As it stands, India has no specific rules regarding cryptocurrencies and the space is currently unregulated (although crypto profits are taxed at 30%). India recently overtook China to become the most populous country in the world, and has already accepted electronic payments for goods, so it may only be a matter of time before India starts to regulate and enter the cryptocurrency and blockchain space.

China

While bitcoin is classified as a virtual commodity in China, its use as legal tender is prohibited and there are restrictions on cryptocurrency-related activities.

China has had an interesting journey with cryptocurrencies and blockchain, and was initially very enthusiastic. However, the initial coin offering (ICO) frenzy led to a blanket ban and China-founded Binance was forced to withdraw.

Although Bitcoin is classified as virtual merchandise In China, it is banned as legal tender and there are restrictions on cryptocurrency-related activities. 2021 China”ban bitcoin” and ban mining, although it’s worth noting that China has banned bitcoin since 2013. Currently, the purchase of bitcoin is banned, but holding cryptocurrencies is not.

However….

Hong Kong seems to be open cryptocurrency And work on crypto-friendly regulation so we can see Hong Kong emerge as a thriving crypto hub and potentially benefit from talent from China.

United Arab Emirates

The UAE, and especially Dubai, is becoming a hub for business, innovation, and cryptocurrency activity, attracting influencers and traders from all over the world (those low/no tax rates work!).

With regard to blockchain and cryptocurrency regulation, the UAE’s approach appears to be focused on facilitating the trading and ownership of digital assets, as well as fostering innovation in the blockchain space. Institutions in the UAE (and in cooperation with Saudi Arabia) are embracing cryptocurrencies, many new departments are being set up, and existing departments include cryptocurrencies within their remit.

Other Notable Legislation

Indonesia earlier this year updated its laws Stay up-to-date on current developments and demonstrate a deeper understanding of technology and its potential beyond just trading.

Singapore has long been known for being crypto-friendly (and business-friendly too) Authorities working with banks To clarify the development of cryptocurrencies.

Malta is another country known for being crypto-friendly and implementing it Three new laws Help regulate and develop blockchain technology; Malta Digital Innovation Authority Act, Technology Arrangements and Services Act, and Virtual Financial Assets Act. These may see Malta really take the lead, but as a member of the European Union, Malta will also be bound by the MiCA regulations.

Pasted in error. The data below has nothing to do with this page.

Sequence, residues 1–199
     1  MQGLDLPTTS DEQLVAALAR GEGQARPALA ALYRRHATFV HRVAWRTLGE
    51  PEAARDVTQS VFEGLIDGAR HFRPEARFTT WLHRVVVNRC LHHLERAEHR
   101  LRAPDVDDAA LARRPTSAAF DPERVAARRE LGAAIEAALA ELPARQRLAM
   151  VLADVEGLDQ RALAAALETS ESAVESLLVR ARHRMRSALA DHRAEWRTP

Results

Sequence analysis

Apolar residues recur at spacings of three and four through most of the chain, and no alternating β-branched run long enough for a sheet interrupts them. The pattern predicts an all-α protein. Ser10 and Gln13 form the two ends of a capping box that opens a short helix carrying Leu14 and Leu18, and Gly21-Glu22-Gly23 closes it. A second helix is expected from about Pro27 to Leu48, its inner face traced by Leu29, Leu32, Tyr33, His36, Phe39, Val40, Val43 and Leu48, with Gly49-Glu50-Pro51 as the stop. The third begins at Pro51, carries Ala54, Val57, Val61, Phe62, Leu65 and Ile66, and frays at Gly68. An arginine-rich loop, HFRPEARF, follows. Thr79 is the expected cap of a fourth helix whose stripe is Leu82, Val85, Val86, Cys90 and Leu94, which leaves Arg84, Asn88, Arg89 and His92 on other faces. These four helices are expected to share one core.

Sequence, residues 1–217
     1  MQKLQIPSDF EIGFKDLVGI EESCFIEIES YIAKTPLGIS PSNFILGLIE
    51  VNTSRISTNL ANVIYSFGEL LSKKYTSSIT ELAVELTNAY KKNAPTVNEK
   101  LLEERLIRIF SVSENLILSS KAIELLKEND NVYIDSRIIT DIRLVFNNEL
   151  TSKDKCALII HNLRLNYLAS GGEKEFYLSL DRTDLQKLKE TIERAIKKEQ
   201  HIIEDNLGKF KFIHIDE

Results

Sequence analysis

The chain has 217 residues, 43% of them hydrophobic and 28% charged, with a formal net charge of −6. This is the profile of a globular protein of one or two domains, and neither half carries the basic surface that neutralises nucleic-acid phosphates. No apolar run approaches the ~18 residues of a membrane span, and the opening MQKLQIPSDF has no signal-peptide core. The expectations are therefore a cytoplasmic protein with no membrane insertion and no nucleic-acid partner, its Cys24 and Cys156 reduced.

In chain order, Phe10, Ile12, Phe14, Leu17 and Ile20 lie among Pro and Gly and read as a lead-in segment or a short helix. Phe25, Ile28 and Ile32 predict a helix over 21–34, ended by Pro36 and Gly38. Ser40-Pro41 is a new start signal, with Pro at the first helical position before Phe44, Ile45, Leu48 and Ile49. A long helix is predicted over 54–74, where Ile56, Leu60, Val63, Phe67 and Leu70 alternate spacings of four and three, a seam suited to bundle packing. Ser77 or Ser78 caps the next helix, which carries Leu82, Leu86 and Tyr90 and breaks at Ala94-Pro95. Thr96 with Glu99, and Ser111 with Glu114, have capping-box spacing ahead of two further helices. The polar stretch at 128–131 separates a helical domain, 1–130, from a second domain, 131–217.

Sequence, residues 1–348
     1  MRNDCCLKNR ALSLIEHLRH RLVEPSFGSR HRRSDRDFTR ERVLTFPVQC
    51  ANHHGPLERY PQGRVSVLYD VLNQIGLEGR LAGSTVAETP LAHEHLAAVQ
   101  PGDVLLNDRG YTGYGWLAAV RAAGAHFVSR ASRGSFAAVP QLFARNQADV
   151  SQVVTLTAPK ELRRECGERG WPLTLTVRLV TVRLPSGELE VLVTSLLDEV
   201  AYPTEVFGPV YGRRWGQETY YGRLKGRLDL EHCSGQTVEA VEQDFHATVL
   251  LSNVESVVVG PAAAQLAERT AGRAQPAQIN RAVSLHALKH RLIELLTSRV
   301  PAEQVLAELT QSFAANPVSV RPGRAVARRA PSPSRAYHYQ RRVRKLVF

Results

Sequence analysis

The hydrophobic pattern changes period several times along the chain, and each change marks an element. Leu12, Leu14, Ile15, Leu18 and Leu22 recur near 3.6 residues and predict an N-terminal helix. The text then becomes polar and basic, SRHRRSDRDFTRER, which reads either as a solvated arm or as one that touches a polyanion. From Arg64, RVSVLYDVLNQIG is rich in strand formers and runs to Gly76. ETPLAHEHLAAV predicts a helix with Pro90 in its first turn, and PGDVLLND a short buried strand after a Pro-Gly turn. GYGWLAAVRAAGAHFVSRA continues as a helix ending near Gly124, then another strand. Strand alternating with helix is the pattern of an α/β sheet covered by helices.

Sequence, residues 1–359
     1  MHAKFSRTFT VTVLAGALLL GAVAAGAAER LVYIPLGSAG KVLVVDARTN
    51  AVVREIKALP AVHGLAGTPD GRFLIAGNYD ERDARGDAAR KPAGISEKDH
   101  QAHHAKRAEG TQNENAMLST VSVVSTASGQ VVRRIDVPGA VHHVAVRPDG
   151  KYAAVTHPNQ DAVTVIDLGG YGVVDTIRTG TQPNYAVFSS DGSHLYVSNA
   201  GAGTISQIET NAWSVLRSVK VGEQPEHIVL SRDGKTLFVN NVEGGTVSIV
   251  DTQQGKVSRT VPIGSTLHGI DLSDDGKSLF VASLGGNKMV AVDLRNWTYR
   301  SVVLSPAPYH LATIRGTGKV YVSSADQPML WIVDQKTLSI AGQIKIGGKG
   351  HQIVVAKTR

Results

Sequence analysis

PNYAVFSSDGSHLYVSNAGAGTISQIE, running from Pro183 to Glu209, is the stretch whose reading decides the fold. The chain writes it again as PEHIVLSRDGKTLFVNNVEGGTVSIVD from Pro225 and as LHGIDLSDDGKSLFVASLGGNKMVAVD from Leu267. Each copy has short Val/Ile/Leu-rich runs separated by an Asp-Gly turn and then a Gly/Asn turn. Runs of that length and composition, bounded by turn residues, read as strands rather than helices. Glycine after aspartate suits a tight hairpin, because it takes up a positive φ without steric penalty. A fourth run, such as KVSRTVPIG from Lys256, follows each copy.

What does it mean?

The different approaches to cryptocurrency and blockchain regulation that we analyze provide valuable insight into the future of mass adoption and institutional engagement in this fast-growing industry, and there’s a lot to be excited about. In many ways, mass adoption relies on institutional adoption, and institutions cannot get too involved in crypto until they have a clear regulatory framework.

Around the world, we are seeing different approaches to this new technology and the opportunities it brings, with some countries making it easier to do business and trade, and others looking to develop the underlying technology outside of trade.

There is also a difference between countries that are “crypto-friendly” because they haven’t yet enacted clear regulations, and countries that are actively crypto-friendly and have regulations in place.

Notably, countries like India seem to be holding back. A country like India might be ready for mass blockchain adoption (great engineers, tech hub in Bangalore, lots of QR code payment apps for digital payments, and lots of unbanked/banking services limited access), but it seems to be looking back at what other countries have done and how it turned out.

It will be interesting to watch how the global landscape for cryptocurrencies and blockchain technology evolves as the MiCA comes into force and other countries develop their own regulations, with some countries likely to benefit from international stablecoin transactions and near-instant settlements, while others may will fall behind.

It is certainly an exciting time for blockchain and cryptocurrencies, and we are delighted that the EU has a clear plan and are delighted to be part of the process of making blockchain usable.

Disclaimer: This article is for informational purposes only. It does not provide or be intended to be used as legal, tax, investment, financial or other advice.